January 23, 2015 Closure In Moscow – Pink Lemonade (Album Review)
Making waves out of Melbourne, Australia, Progressive Rock band Closure In Moscow hit the scene in 2006. With an average age of twenty-one years old, the guys went to extremes to release their debut EP self-proclaimed “albumette” titled The Penance and the Patience in 2008. Working for months straight writing, pre-producing, and quitting their day jobs to go on tour, the boys went so far as to sell their cars just to get a chance to meet American music producer Kris Crummett. All of their hard work finally paid off. The “albumette” was originally only released in Australia and New Zealand, but was available the way of import to overseas countries and available on iTunes as a world wide digital download. In efforts to further their career, in November of 2008 the band announced they would be permanently relocating to the United States. Once they arrived, they jumped right back into the studio to start recording the album First Temple (2009). The debut peaked at number thirteen on the Australian Independent Record Album charts. First Temple soared to number five and was mentioned in the Alternative Press’s list of “100 Bands You Need to Know in 2009.” Following a headlining tour ending in June of 2010, they returned to the US to skate on through the entire 2010 Van’s Warped Tour. Now, with the line-up of Christopher de Cinque (vocals), Mansur Zennelli (guitar/vocals), Michael Barrett (guitar), Salvatore Aidone (drums), and Duncan Millar (bass), Closure In Moscow returned with their highly anticipated sophomore effort, released in May of 2014, titled Pink Lemonade.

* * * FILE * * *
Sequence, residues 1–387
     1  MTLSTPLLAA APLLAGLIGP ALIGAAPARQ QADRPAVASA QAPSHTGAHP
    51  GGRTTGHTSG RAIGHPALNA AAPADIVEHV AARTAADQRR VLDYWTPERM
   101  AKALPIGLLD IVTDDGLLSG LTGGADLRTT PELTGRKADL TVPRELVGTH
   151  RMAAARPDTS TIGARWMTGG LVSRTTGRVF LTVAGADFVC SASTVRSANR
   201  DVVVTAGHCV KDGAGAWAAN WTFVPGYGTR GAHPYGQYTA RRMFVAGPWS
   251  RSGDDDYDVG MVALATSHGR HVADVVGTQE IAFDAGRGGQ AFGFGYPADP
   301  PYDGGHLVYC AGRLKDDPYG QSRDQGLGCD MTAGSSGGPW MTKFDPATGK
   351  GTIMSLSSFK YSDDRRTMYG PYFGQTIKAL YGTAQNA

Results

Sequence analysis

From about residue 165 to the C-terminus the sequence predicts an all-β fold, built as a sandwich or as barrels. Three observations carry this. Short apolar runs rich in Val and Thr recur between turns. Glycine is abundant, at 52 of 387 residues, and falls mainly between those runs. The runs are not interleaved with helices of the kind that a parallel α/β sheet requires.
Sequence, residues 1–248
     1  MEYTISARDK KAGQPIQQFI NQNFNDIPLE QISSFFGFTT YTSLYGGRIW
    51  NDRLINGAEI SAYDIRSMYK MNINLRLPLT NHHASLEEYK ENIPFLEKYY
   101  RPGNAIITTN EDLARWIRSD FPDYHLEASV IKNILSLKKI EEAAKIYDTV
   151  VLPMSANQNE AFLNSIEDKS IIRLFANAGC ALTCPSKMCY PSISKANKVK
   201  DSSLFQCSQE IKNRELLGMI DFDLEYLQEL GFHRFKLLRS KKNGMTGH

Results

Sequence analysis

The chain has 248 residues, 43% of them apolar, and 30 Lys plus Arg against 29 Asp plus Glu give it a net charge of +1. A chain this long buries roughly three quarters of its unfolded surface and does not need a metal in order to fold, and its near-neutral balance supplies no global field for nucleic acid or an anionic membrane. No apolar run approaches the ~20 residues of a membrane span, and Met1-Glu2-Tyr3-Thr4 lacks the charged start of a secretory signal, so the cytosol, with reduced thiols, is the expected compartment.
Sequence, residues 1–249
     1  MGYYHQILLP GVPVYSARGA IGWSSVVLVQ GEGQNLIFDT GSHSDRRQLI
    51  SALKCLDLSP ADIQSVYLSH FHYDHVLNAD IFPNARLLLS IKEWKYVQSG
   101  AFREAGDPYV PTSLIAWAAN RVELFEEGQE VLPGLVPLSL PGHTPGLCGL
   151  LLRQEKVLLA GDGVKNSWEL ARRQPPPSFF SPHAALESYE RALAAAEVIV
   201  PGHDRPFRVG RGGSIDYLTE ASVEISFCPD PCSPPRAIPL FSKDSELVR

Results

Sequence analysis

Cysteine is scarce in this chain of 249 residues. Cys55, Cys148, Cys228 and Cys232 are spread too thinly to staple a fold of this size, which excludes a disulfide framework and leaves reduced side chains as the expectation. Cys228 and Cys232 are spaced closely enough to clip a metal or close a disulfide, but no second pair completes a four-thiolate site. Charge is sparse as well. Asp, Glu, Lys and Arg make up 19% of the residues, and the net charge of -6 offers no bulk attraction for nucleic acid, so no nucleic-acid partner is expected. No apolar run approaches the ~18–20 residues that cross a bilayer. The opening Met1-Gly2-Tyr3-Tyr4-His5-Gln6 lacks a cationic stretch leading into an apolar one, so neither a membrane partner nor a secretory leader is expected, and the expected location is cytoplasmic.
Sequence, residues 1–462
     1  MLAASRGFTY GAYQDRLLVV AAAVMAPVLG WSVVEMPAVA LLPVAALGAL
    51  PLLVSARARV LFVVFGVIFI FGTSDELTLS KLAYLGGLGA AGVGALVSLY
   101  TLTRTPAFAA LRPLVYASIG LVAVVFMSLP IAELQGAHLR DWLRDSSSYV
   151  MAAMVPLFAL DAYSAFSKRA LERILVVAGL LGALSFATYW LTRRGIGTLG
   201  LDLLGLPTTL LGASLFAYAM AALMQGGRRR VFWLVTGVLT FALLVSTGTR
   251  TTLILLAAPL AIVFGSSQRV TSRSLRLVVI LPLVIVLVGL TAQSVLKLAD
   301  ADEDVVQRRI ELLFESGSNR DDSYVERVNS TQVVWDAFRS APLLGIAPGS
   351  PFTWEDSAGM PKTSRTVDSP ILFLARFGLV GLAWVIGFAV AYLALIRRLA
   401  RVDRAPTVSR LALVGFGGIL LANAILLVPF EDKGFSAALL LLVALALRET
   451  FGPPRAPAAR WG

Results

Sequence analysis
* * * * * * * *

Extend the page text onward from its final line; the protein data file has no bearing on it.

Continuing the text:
Starting the record with a groove, “The Fool” brings in everything from animal sounds to insane DJ scratching. Keeping the funk, title-track “Pink Lemonade” keeps the listener bouncing along, once again mixing their sound effects into their unforgettable lyrics. “Neoprene Byzantine” is a chaotic mix of tempos that sees de Cinque’s vocals all over the board while Aidone’s drumming keeps everything from spinning out of control. The track “Seeds Of Gold” will drop the audience back into a slight reminiscing mode of the 1980s with smooth vocals and Depeche Mode type synth. Showing diversity, a bluesy texture is felt on “That Brahmatron Song,” where de Cinque continues to put on a soulful vocal performance which many would compare to that of Matthew Bellamy of Muse at points. With what sound like church bells in the background, “The Church of the Technochrist” gives the visual of a rock star skating around on roller skates. The roller rink image of disco balls and flashing lights is something this band does an excellent job of keeping alive, while bringing in their own modern day twist. Providing a more mellow sound, “Beckon Fire” is a relaxing, primarily instrumental song that will have listeners kicking back and relaxing. Immediately after, adding a little more of a classic rock side of the spectrum, “Happy Days” is a gem with its catching chorus lines and peppy breakdowns. Finally Pink Lemonade closes with “ピンク レモネード,” which can only be described as a trippy soundcape.
Music fans, grab your roller skates! Pink Lemonade is a ride unlike any other. This album will get the gloom out of any day. The anticipation of what these guys may come up with next will keep their fans on their toes for a long time. CrypticRock gives this album 4 out of 5 stars.